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The smoke and mirrors of cannabis addiction

By Leonie O’Sullivan, December 19 2023—

Disclaimer: This article discusses topics related to mental health and substance use. 

The spread of misinformation has led a significant portion of the public to perceive cannabis as non-addictive. A survey of cannabis users in Washington State revealed that 68 per cent of survey responders believed cannabis is non-addictive, and a further 15 per cent were unsure of cannabis’ addictiveness. However, this topic is not up for debate and scientists are sure that cannabis is addictive. 

When cannabis is consumed, delta-9-tetrahydrocannabinol (THC) interacts with cannabinoid receptors in our brains, delivering the desired euphoric high. These desirable effects can lead to prolonged and excessive use of cannabis, which can lead to cannabis use disorder (CanUD). CanUD is diagnosed using eleven criteria outlined below from the American Psychiatric Association’s Diagnostic and Statistical Manual of Mental Disorders, Fifth Edition. 

  • Consuming cannabis in higher doses or over a longer duration than was intended.
  • A consistent desire or failed attempts to reduce or cease cannabis use.
  • Spending a lot of time to obtain, use and recover from cannabis.
  • Craving or desiring to use cannabis.
  • Interference of recurrent cannabis use with work, school, or home obligations.
  • Continued social or interpersonal issues caused or exacerbated by cannabis use.
  • Giving up or reducing recreational or social activities due to cannabis use.
  • Using cannabis recurrently in physically hazardous situations. 
  • Continued cannabis use despite a physical or psychological problem.
  • Building tolerance i.e., a diminished effect from the same dose over time.
  • Withdrawal symptoms include anxiety, decreased appetite, depressed mood, insomnia and irritability.

A mild CanUD is defined by the presence of two to three of the criteria in the past year. Moderate and severe levels of CanUD rely on four to five and at least six of the criteria, respectively.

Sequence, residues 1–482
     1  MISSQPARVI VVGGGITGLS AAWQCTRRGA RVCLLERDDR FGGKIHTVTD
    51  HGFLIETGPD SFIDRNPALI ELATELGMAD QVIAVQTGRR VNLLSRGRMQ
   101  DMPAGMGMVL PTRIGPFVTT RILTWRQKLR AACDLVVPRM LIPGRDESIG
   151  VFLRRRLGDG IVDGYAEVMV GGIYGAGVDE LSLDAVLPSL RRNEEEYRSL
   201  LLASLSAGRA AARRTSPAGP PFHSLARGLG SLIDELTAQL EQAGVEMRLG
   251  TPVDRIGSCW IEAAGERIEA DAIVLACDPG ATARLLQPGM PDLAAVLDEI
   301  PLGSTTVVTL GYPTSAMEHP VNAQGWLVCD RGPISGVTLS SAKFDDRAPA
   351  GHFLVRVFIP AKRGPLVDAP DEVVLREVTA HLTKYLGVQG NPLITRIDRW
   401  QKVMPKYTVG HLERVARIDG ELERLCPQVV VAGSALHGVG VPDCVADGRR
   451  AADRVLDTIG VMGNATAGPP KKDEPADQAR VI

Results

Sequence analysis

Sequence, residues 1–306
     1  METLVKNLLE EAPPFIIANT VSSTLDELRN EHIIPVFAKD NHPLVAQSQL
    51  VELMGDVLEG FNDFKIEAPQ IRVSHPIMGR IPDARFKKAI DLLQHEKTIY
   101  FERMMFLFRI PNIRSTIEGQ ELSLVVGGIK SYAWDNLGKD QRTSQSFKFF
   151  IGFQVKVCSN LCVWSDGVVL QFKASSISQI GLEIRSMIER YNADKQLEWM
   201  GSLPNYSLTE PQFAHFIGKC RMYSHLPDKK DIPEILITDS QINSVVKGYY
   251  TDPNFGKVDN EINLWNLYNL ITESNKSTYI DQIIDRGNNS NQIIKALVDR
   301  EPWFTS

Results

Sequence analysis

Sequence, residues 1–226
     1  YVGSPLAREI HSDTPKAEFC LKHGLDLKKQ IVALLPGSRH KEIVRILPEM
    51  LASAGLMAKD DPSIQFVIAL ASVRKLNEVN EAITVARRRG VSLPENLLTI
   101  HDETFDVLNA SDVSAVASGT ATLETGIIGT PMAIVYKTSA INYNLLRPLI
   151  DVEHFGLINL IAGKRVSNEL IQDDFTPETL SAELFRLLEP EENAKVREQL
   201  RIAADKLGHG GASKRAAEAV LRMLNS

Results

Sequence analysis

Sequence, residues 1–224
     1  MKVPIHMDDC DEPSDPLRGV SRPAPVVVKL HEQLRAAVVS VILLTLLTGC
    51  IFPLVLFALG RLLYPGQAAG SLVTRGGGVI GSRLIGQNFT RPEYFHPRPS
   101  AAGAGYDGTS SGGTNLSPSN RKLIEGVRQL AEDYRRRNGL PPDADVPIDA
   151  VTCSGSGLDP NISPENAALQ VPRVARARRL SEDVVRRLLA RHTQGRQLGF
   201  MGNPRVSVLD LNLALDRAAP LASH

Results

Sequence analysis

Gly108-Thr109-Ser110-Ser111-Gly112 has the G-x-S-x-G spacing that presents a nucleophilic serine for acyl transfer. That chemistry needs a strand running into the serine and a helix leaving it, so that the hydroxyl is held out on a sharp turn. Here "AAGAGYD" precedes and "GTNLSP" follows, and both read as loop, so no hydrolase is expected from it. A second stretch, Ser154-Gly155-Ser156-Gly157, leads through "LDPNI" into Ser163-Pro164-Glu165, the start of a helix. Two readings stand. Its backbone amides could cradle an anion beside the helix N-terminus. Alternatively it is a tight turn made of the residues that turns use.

CanUD is treated using cognitive behavioural therapy (CBT), motivational enhancement therapy (MET) and abstinence-based contingency management (CM). CBT focuses on the relationship between thoughts, feelings and behaviours. MET is an intervention designed to help individuals find internal motivation to create positive behavioural changes. The goal of CM is to encourage abstinence using rewards or incentives. Currently, there are no approved medications available for individuals with CanUD, but several treatments are showing potential in early studies and clinical trials

The risk of developing a CanUD is underappreciated in society. About ten per cent of individuals who try cannabis will end up developing a CanUD. To put this in perspective, the risk of developing a substance use disorder from trying tobacco is 32 per cent, and the risk associated with alcohol is 15 per cent. Risk factors for CanUD include genetics and environmental influences. 

A recent study published in Nature Genetics investigated the genetic risk factors of CanUD and highlighted links between numerous sections of DNA and cannabis addiction. This was the largest CanUD genetic study to date, and it was completed by analyzing more than one million genomes — a genome is a person’s complete set of genetic information. The researchers also looked at associations between CanUD and other health conditions.

Since cannabis is often smoked, it is not surprising that CanUD was found to increase the risk of lung cancer. A bidirectional causal relationship was identified between CanUD and schizophrenia. Other comorbidities strongly correlating with CanUD included major depressive disorder (MDD), post-traumatic stress disorder (PTSD) and generalized anxiety disorder symptoms. Seven out of ten individuals diagnosed with CanUD have another psychiatric disorder diagnosis compared to 1.5 out of ten individuals who do not use cannabis. This study also identified that multiple-site chronic pain may be a driver of CanUD for certain individuals. The authors noted that this link may signify that cannabis could be a viable treatment for pain — clinical trials for the use of cannabis in pain management are currently ongoing.

If you are a consumer of cannabis but are concerned about its adverse effects, you should speak with a healthcare provider. If your main reason for using cannabis is for relaxation or pain, products containing cannabidiol (CBD) may be a safer option compared to THC products. If you are struggling or are worried that you could have a substance use disorder, you should speak with the University of Calgary’s Harm Reduction Support Advisor. Other resources are available through the Student Wellness Centre.

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